Dreaming Of A White Christmas Warm, Wet Weather Leaves Ski Resorts Praying For Snow
The cry can be heard from Inland Northwest ski hills: Oh, Mother Nature, what have we done to cross you?
It hasn’t been this awful for snow since 1989, when warm temperatures washed out much of December’s snow. Ski operators find themselves praying to avoid a repeat.
This week’s rains - which turned to snow in the higher elevations late Thursday - have soaked most ski mountains and turned the already fragile snowpack at their bases into porridge.
Ski resorts can make as much as half their money in the three weeks around Christmas. The more terrain the regional resorts have open by the middle of next week, the better.
Hotels in Sandpoint and the Silver Valley are worried that customers will start canceling holiday reservations if snow conditions don’t improve.
“People usually wait until the last minute to cancel, so we are praying for more snow,” said Nancy Hanson, president of Sand-Ida Services Inc., which owns several hotels. “Our weekend sales are already way down because they are not open. The people just aren’t here.”
For the five major hills in the area, a real financial crisis could arrive next week, if the snow isn’t better. But resort operators are optimistic the weather will change.
“We can flip the switch on and be up and running in 15 minutes,” said Denny Burmeister, general manager at 49 Degrees North near Chewelah. “We just need the snow.”
His mountain has velvety slopes up top, but only a wafer-thin hardpack at the lodge.
“We’re not talkin’ disaster yet,” he said. “But the holidays are where the money is made.”
Schweitzer Mountain Resort in Sandpoint will open just a single chair Friday, three weeks later than last year’s Thanksgiving opening that featured more snow than they could groom.
Schweitzer needs a good foot-deep dusting to even make the other chair lifts reachable, said spokesman Bill Mullane. On top of that, the mountain’s big quad lift is down until Saturday, so skiers can’t get to the really good stuff at the top of the bowl until then, he said.
If it’s a white Christmas, Schweitzer will easily make up for the three weeks of barren slopes. On a typical weekday Schweitzer sees 200-300 skiers. Over Christmas the hill swarms with 3,000 to 5,000 skiers.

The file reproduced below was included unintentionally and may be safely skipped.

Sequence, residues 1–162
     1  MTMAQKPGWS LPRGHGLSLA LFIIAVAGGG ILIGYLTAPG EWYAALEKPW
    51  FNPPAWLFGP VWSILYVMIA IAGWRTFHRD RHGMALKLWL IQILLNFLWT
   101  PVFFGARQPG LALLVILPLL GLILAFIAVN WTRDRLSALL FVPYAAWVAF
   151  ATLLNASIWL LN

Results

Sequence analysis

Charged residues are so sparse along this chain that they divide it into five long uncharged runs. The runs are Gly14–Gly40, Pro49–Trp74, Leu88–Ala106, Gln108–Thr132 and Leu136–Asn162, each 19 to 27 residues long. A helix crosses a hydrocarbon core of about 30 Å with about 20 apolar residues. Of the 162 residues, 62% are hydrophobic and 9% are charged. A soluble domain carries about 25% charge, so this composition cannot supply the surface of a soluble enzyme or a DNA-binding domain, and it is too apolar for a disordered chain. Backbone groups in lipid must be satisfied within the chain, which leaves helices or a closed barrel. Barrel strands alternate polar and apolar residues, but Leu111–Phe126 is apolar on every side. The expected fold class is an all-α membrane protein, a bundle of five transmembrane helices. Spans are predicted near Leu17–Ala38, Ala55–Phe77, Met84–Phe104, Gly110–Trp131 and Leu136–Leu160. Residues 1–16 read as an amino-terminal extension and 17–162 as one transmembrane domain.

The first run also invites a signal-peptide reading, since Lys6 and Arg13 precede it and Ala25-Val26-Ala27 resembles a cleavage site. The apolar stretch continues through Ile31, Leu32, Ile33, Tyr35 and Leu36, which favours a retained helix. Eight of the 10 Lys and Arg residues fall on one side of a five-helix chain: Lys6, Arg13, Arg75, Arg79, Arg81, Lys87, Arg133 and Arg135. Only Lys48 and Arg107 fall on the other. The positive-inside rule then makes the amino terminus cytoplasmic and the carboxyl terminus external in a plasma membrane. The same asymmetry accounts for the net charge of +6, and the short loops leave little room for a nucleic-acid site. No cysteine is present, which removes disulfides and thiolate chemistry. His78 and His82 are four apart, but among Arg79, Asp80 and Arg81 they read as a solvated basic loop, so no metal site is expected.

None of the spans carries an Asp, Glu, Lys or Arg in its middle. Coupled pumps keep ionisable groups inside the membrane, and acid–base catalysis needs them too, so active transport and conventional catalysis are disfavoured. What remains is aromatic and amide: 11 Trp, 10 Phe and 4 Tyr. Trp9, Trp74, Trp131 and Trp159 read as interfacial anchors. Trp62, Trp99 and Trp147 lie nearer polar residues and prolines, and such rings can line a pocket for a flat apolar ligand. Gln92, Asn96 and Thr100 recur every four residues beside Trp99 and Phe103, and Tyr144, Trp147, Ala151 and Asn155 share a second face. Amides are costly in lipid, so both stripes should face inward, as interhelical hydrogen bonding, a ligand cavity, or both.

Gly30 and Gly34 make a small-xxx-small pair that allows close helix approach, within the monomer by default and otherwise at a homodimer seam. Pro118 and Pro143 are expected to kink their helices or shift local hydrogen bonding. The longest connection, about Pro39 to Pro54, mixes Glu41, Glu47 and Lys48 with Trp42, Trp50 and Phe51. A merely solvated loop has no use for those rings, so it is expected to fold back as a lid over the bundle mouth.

To the southeast at Silver Mountain Ski & Summer Resort, about 15 of the 50 runs are open, said Tim Newhart, marketing director. It’s still “early season” conditions - meaning leave the new skis at home - but things are looking up.
If Silver Mountain can get enough fluffy stuff to open Chair 4 and its steep terrain that advance skiers crave, the holiday season can be salvaged, said Newhart.
Farther east on Interstate 90 at Lookout Pass, fresh snow coats the mountain, which is about 60 percent open, said Dean Cooper, resort spokesman.
“At one point this week it got so warm up there that the snow was actually melting,” he said. “Then it froze rock-solid, which actually gives us a good base to build on.”
Ticket agents for Mount Spokane Ski Area say there’s plenty of good stuff on top, but another six inches are needed at the base to open up.
Local motels still have a few vacancies, but say they expect lots of cancellations if Schweitzer isn’t open for Christmas.
Early season snow not only kick-starts the season, but gets people booking holiday vacations.
Schweitzer’s Green Gables Lodge and other motels in Sandpoint have fielded hundreds of calls from skiers who booked rooms for the Christmas holiday.
Few have canceled reservations, though. Most want a snow report to find out if they will be skiing the mountain or playing cards in their expensive hotel rooms.
“Most are holding on to their reservations, because they are hard to get,” Mullane said. “Besides, there are not a lot of other places to go in the Northwest. The resorts that are open, like Big Mountain (in Montana), are already booked for Christmas.”
Some of the hundreds of seasonal employees waiting for Schweitzer to open landed jobs at Coldwater Creek, the successful mail-order company immersed in the Christmas rush.
Several people who depend on the ski season for employment have come into Job Service offices around the area, said Kathryn Tacke, a labor analyst with the Idaho Department of Employment. “It’s been tough to help them because it’s not easy to find work in December around here.”